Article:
The Ngbaka form a homogeneous people in the north-west of the DRC, south of Ubangui. The Ngbandi live in the east (on the left bank of the Oubangui) and the Ngombe in the south. The initiation of young people, "gaza" or "ganza" (which gives strength) among the Ngbaka and the Ngbandi, has many similarities, through endurance tests, songs and dances. The rites required the presence of sculptures of ancestors.
Semi-matte patina, erosions.
African art > African statues : tribal fetish, maternity > Dogon Statuette
African figure of undetermined sex, whose narrow silhouette has a rectilinear bust. The arms carved in fine relief run along the body, forming an angle at the height of the bent knees. Refined piece, imbued with the elegance of Dogon sculpture.
Dark oiled patina, abrasions.
Carved for the most part to order placed by a family, the Dogon statues can also be the object of worship on the part of the whole community when they commemorate, for example, the foundation of the village. However, their functions remain little known.
Alongside Islam, Dogon religious rites are organized around four main cults: the Lébé, relating to fertility, under the spiritual authority of the Hogon, the Wagem, ancestor worship under the authority of the patriarch, the Binou invoking the spirit world and led ...
African art > African mask, tribal art, primitive art > Goma Mask
Offering an animal aspect, this African mask associated with the butende initiation and circumcision ritual has deep white orbits that separate, like a beak, a pointed nose. Influenced by the Bembe, the Goma borrowed certain characters from their African masks.
Abraded patina, flaking residue of white clay, cracks and erosions.
The Bembe ethnic group is a Luba branch that left the Congo in the 18th century to settle near Tanzania and Burundi. Their society and artistic tendency are marked by the influence of their neighboring ethnic groups in the Lake Tanganyika region, the Lega, the Buyu, the Goma, etc. Indeed, like the Lega, the Bembe had a Bwami association responsible for initiation and structuring for society, but if the Bwami was exclusive among the Lega, other "bukabo" or ...
African art > African mask, tribal art, primitive art > Tabwa Mask
Bulky African mask of the Tabwas referring to a hero of mythology, symbolizing besides an ambivalent character, also a principle of power. Careful inlays of metal leaf and cowries enhance the toothed mouth, the dilated nostrils and the structure of the head. Black satin patina, small accidents.
The Tabwa ("scarify" and "write") constitute an ethnic group present in the South-East of the DRC, around Lake Tanganyika. Animists, their beliefs are anchored around the ngulu, spirits of nature present in plants and rocks. The tribes of this region, such as the Tumbwe, worship the Mipasi ancestors through sculptures held by chiefs or sorcerers. A magic charge ( dawa) was introduced at the top of the head of the statues. Soothsayers-healers used this type of object to reveal witchcraft and ...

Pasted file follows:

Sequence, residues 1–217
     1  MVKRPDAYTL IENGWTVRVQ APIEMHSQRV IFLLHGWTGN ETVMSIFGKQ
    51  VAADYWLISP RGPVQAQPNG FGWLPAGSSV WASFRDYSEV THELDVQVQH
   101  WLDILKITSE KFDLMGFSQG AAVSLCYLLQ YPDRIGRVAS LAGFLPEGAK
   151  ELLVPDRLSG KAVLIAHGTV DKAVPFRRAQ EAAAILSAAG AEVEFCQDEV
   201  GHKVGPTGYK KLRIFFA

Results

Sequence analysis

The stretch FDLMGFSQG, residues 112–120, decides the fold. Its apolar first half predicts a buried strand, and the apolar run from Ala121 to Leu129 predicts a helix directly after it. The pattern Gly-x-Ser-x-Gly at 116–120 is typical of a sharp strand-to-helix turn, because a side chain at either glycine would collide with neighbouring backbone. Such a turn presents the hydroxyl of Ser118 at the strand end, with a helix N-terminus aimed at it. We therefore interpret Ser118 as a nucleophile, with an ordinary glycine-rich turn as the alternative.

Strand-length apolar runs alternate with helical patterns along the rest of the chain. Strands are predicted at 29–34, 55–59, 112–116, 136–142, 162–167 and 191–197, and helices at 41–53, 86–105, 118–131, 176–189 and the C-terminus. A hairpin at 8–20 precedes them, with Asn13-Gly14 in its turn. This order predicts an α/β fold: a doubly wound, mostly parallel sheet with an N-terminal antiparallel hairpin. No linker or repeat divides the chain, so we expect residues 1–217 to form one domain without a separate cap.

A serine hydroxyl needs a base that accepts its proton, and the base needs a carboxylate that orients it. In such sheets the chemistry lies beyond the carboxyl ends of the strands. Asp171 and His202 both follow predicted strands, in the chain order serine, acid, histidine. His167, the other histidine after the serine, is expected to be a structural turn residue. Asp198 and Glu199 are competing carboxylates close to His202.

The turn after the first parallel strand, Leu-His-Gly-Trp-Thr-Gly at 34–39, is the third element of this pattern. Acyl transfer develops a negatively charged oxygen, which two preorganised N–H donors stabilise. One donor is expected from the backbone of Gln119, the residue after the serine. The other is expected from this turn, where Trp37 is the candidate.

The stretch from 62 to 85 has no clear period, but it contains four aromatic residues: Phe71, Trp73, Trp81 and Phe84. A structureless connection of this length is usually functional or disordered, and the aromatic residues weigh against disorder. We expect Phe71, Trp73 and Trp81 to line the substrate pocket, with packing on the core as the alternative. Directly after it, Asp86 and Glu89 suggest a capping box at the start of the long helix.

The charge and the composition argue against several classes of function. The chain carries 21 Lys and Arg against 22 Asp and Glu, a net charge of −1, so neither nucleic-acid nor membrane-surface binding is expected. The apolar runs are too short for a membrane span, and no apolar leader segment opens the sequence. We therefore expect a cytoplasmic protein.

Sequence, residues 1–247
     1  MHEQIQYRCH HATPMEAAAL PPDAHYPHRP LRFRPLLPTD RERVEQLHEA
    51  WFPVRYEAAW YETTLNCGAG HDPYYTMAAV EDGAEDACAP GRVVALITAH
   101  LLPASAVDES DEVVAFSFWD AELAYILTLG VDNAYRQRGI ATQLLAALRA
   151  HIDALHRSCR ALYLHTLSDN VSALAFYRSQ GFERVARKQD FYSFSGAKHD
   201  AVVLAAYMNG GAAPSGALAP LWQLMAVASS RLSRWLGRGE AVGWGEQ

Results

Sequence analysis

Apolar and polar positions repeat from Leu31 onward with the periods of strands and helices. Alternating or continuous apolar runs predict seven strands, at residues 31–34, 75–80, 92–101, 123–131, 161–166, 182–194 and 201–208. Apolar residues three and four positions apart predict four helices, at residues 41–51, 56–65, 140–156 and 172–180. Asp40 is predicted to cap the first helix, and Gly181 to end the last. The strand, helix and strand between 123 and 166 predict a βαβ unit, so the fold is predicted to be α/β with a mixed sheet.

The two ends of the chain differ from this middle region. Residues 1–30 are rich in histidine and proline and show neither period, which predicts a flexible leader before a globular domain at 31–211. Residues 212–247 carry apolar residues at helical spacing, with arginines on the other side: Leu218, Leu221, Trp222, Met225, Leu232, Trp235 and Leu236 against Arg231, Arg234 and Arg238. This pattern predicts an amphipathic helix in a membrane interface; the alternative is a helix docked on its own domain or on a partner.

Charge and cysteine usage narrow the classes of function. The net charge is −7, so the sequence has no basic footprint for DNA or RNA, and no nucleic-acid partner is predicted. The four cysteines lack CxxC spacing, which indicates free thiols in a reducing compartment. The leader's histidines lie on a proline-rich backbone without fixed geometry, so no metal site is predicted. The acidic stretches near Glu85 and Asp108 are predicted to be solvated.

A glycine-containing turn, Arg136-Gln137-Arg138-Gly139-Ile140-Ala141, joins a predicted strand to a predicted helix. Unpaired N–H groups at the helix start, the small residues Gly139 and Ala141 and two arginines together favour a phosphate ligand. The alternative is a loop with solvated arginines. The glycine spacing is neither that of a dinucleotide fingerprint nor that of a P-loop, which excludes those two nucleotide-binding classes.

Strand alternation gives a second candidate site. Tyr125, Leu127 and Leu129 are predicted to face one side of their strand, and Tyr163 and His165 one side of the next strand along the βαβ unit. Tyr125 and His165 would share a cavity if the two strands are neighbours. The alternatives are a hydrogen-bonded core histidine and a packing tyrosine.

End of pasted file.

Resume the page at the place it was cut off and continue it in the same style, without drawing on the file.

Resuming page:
African art > Chair, palaver seat, throne, stool > Kolo Stool
Among the elements of African furniture in daily use, a senoufo stool from the Ivory Coast, whose slightly curved, oval-shaped seat is supported by four thick conical legs. This type of stool for individual use, carved in heavy wood, was used to wash clothes at the river. Beautiful golden patina, minor cracks and erosions.
Mainly farmers, the Senoufo group inhabit a region of savannahs that covers southern Mali and Burkina Faso, and northern Côte d'Ivoire. It encompasses about fifty sub-ethnic groups. The sSenufo speak a Voltaic language Gur, Gour, like the Lobi and the Koulango.
Living in a restricted area, the sénufo sculptor, whose training spanned seven years, began by making everyday objects, then, little by little, sported sculptures larger than more important. Initiatory ...
African art > African mask, tribal art, primitive art > Boyo Mask
Edged with a fine crenellated border, this African mask adopts a diamond shape on which the features stretch, contrasting tones enhancing the structure.
Matt patina, gaps on the internal edges.
According to the stories, the Boyos are of Luba descent, through an ancestor who emigrated with her brothers.
Migratory flows have mixed within the same territories Bembe, Lega, Buyu (Buye) or Boyo, Binji and Bangubangu. The Basikasingo, considered by some to be a Buyu sub-clan, are however not of Bembe origin, Biebuyck's work having made it possible to trace their history. Organized into lineages, they borrowed the association of Bwami from the Lega. The Bembe and Boyo tribal traditions are relatively similar: they venerate the spirits of nature, water specifically among the Boyo, but ...
African art > Spoons, ladles > Bwende Spoon
In addition to the famous niombo, sometimes giant anthropomorphic funerary "packages" representing the deceased, the Bwende, inspired by the Kongos and the Bembe, sculpted various prestigious objects, such as this spoon whose ample cuilleron is surmounted by a bust depicting an ancestor.
Height on base: 47 cm.
Glossy orange-brown patina, desiccation cracks.
The Vili, the Lâri, the Sûndi, the Woyo, the Bembe, the Bwende, the Yombé and the Kôngo constituted the Kôngo group, led by King Ntotela. Their kingdom reached its peak in the 16th century with the trade in ivory, copper and the slave trade. With the same beliefs and traditions, they produced a statuary endowed with a codified gesture in relation to their vision of the world. The Bwendé sculptures were strongly inspired ...